Alan Mulally, who once told executive coach Marshall Goldsmith “Every day I remind myself that leadership is not about me. It is about the great people who are working with me” also had a strategy focussed on people first.


His “Working Together” Principles (“This is how I run every business…”) ran like this:

People first, everyone is included, compelling vision, comprehensive strategy, relentless implementation, clear performance goals, one plan, facts and data, everyone knows the plan, the status and areas that need special attention, propose a solution, positive “find a way” attitude, respect, listen help and appreciate each other, emotional resilience…trust the process, have fun, emjoy the journey and each other, profitable growth for all.


A strategy for competitive advantage


John says competitive advantage comes down to this formula: Valued differentiation x disciplined execution.


He says there are 4 criteria to valued differentiation in your product or service:

·       Unique and compelling

·       Your target customer values it highly

·       It’s difficult if not impossible to copy

·       You can consistently execute it with excellence.). What does your company do that clearly meets all 4 of these criteria?


Emotional responses to change


Change can be perceived as scary to the team. Team members are likely to go through varying emotional responses on their way to accepting the change. 

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You don’t just throw a strategy change at people, says John. You need to plan and communicate the change.


Based on John Kotter’s 8 step program to manage the change process, John Spence suggests leaders focus on:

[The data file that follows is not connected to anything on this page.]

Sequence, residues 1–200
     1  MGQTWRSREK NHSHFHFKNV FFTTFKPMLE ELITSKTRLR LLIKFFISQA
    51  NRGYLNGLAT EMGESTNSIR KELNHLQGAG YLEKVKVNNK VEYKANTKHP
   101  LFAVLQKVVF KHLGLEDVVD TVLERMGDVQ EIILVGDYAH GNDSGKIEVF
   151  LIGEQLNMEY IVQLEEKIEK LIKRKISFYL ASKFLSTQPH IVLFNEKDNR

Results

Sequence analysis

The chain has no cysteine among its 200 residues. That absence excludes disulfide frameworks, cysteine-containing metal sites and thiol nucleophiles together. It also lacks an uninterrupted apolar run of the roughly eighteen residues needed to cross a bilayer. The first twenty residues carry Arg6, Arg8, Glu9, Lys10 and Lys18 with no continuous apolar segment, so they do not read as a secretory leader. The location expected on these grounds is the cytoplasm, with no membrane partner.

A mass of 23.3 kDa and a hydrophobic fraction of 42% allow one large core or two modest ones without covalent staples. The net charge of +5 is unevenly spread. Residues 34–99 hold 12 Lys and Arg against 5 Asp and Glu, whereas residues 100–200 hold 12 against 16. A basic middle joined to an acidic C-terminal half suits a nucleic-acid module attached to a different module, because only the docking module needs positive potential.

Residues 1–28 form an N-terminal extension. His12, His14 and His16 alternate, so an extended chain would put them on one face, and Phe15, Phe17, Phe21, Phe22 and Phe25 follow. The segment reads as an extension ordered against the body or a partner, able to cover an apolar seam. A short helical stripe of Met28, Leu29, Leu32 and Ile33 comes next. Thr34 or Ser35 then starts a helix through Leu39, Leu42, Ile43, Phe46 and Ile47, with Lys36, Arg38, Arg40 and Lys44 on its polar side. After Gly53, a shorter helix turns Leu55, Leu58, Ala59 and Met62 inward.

• Making an irresistible case for change (i.e. show how resistance is futile)
  • painting a vision of the future
  • creating a sense of urgency (to move there quickly)
  • assembling a guiding coalition (trusted and respected team members who are champions of getting on board the change)
  • ensuring continuous communication.


Checklist: 6 keys to accountability


When creating a culture of accountability, clarity in communication and collaboration are vital. John has this checklist for keeping people accountable:


1.     100% clarity + appropriate authority and resources (in excruciating detail explain what success look like, due dates, KPIs, hurdles that have to be met, then make sure they have the authority and resources to achieve success).

2.     100% agreement. (“I need that person to write a memo back with their understanding of what I told them, with details.” This is called an accountability agreement).

3.     Track and post. Track the progress and post it so they can see it, so it’s highly visible. (Green, yellow, red flags to indicate if on track).

4.     Coach, mentor, train, and support.

5.     Celebrate success.

6.     Refuse to tolerate mediocrity.


John Spence’s 4 pieces of paper


Instead of telling the employee what to do, ask them to fill out four pieces of paper.

1.     What you will do in the 30, 60, 90 days to show me that you should stay on the team? I want it to be binary, no ambiguity.

2.     What do you need from me as your manager to make that happen?

3.     What is a small reward you’d like if you deliver everything you deliver everything on paper number 1?

4.     What should the ramifications be if I give you everything you ask for and you don’t deliver?


This was the final masterclass in our Senior Leadership Program series of four masterclasses, led by executive coach John Spence. Keep up to date by downloading Growth Faculty's  latest program of live virtual and in-person events.